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Original Contribution
March 28, 2007

Short-term Clinical Effects of Tolvaptan, an Oral Vasopressin Antagonist, in Patients Hospitalized for Heart Failure: The EVEREST Clinical Status Trials

Author Affiliations

Author Affiliations: Division of Cardiology, Northwestern University, Feinberg School of Medicine, Chicago, Ill (Dr Gheorghiade); Division of Cardiology, Tufts-New England Medical Center, Boston, Mass (Drs Konstam and Udelson); Division of Cardiovascular Diseases, Mayo Clinic, Rochester, Minn (Dr Burnett); Departments of Biometrics (Dr Ouyang) and Clinical Development (Drs Zimmer and Orlandi), Otsuka Maryland Research Institute, Rockville; Department of Biostatistics and Medical Informatics, University of Wisconsin, Madison (Dr Cook); Departmento de Diagnostico y Tratamiento, Servicio de Hemodinamia, Hospital Italiano, Buenos Aires, Argentina (Dr Grinfeld); Associazione Nazionale Medici Cardiologi Ospedalieri Research Center, Florence, Italy (Dr Maggioni); Sahlgrenska University Hospital/Östra, Gothenburg, Sweden (Dr Swedberg); and Institut National de la Santé et de la Recherche Médicale (INSERM), Centre d’Investigations Cliniques, Nancy, France (Dr Zannad).

JAMA. 2007;297(12):1332-1343. doi:10.1001/jama.297.12.1332

Context Heart failure causes more than 1 million US hospitalizations yearly, mostly related to congestion. Tolvaptan, an oral, nonpeptide, selective vasopressin V2-receptor antagonist, shows promise in this condition.

Objective To evaluate short-term effects of tolvaptan when added to standard therapy in patients hospitalized with heart failure.

Design, Setting, and Patients Two identical prospective, randomized, double-blind, placebo-controlled trials at 359 sites in North America, South America, and Europe were conducted during the inpatient period of the Efficacy of Vasopressin Antagonism in Heart Failure Outcome Study With Tolvaptan (EVEREST) between October 7, 2003, and February 3, 2006. A total of 2048 (trial A) and 2085 (trial B) patients hospitalized with heart failure and congestion were studied.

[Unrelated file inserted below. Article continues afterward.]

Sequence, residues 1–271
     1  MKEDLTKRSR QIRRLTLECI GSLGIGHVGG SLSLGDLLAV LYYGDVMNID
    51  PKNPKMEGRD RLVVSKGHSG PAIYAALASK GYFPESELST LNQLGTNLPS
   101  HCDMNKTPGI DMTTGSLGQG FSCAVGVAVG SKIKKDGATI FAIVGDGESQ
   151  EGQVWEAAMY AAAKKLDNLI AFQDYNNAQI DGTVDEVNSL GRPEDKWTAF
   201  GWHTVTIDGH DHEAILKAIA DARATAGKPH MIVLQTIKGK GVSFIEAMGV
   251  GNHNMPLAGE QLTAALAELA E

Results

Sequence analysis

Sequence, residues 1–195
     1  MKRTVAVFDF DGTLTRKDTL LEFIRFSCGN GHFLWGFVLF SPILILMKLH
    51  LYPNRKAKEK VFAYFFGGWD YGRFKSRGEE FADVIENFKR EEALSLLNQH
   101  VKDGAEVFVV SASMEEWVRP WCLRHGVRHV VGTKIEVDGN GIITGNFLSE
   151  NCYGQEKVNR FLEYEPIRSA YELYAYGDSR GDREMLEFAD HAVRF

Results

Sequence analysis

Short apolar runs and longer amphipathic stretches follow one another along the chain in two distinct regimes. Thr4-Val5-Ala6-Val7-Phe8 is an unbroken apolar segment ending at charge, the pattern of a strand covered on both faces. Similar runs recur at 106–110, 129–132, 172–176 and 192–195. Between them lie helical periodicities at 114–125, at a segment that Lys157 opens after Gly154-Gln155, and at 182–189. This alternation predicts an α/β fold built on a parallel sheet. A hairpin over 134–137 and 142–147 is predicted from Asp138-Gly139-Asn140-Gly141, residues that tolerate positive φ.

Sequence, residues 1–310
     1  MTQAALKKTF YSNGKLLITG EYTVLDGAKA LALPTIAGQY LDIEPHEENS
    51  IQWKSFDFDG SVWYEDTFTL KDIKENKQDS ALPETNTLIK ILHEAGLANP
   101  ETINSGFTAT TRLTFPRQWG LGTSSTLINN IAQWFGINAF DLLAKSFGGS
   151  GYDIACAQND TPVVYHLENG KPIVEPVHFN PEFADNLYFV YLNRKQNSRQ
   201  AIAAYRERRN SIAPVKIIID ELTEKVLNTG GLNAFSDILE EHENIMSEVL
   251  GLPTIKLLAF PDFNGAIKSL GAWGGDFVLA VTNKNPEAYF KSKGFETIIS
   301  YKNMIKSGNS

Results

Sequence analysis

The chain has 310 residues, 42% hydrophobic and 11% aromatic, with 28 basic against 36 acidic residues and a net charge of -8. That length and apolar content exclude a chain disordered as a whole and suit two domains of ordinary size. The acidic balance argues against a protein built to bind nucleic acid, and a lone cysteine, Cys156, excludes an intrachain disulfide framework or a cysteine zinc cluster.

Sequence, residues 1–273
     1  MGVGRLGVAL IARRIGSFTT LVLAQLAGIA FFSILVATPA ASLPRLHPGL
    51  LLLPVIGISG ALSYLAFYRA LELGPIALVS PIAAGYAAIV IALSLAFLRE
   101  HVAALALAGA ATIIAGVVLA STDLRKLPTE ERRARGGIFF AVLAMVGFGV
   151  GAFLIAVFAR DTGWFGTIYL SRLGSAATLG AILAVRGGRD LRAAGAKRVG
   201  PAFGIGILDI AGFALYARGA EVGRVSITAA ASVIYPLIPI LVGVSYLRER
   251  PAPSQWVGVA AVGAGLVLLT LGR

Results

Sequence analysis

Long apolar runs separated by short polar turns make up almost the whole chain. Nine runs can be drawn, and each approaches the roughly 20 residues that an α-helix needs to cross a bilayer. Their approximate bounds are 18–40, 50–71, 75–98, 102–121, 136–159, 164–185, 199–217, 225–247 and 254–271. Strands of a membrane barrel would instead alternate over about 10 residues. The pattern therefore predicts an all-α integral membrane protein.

Intervention Patients were randomized to receive either tolvaptan (30 mg/d) or matching placebo, within 48 hours of admission.

Main Outcome Measures Primary end point was a composite of changes in global clinical status based on a visual analog scale and body weight at day 7 or discharge if earlier. Secondary end points included dyspnea (day 1), global clinical status (day 7 or discharge), body weight (days 1 and 7 or discharge), and peripheral edema (day 7 or discharge).

Results Rank sum analysis of the composite primary end point showed greater improvement with tolvaptan vs placebo (trial A, mean [SD], 1.06 [0.43] vs 0.99 [0.44]; and trial B, 1.07 [0.42] vs 0.97 [0.43]; both trials P<.001). Mean (SD) body weight reduction was greater with tolvaptan on day 1 (trial A, 1.71 [1.80] vs 0.99 [1.83] kg; P<.001; and trial B, 1.82 [2.01] vs 0.95 [1.85] kg; P<.001) and day 7 or discharge (trial A, 3.35 [3.27] vs 2.73 [3.34] kg; P<.001; and trial B, 3.77 [3.59] vs 2.79 [3.46] kg; P<.001), whereas improvements in global clinical status were not different between groups. More patients receiving tolvaptan (684 [76.7%] and 678 [72.1%] for trial A and trial B, respectively) vs patients receiving placebo (646 [70.6%] and 597 [65.3%], respectively) reported improvement in dyspnea at day 1 (both trials P<.001). Edema at day 7 or discharge improved significantly with tolvaptan in trial B (P = .02) but did not reach significance in trial A (P = .07). Serious adverse event frequencies were similar between groups, without excess renal failure or hypotension.

Conclusion In patients hospitalized with heart failure, oral tolvaptan in addition to standard therapy including diuretics improved many, though not all, heart failure signs and symptoms, without serious adverse events.

Trial Registration clinicaltrials.gov Identifier: NCT00071331

Trial Registration Published online March 25, 2007 (doi:10.1001/jama.297.12.1332).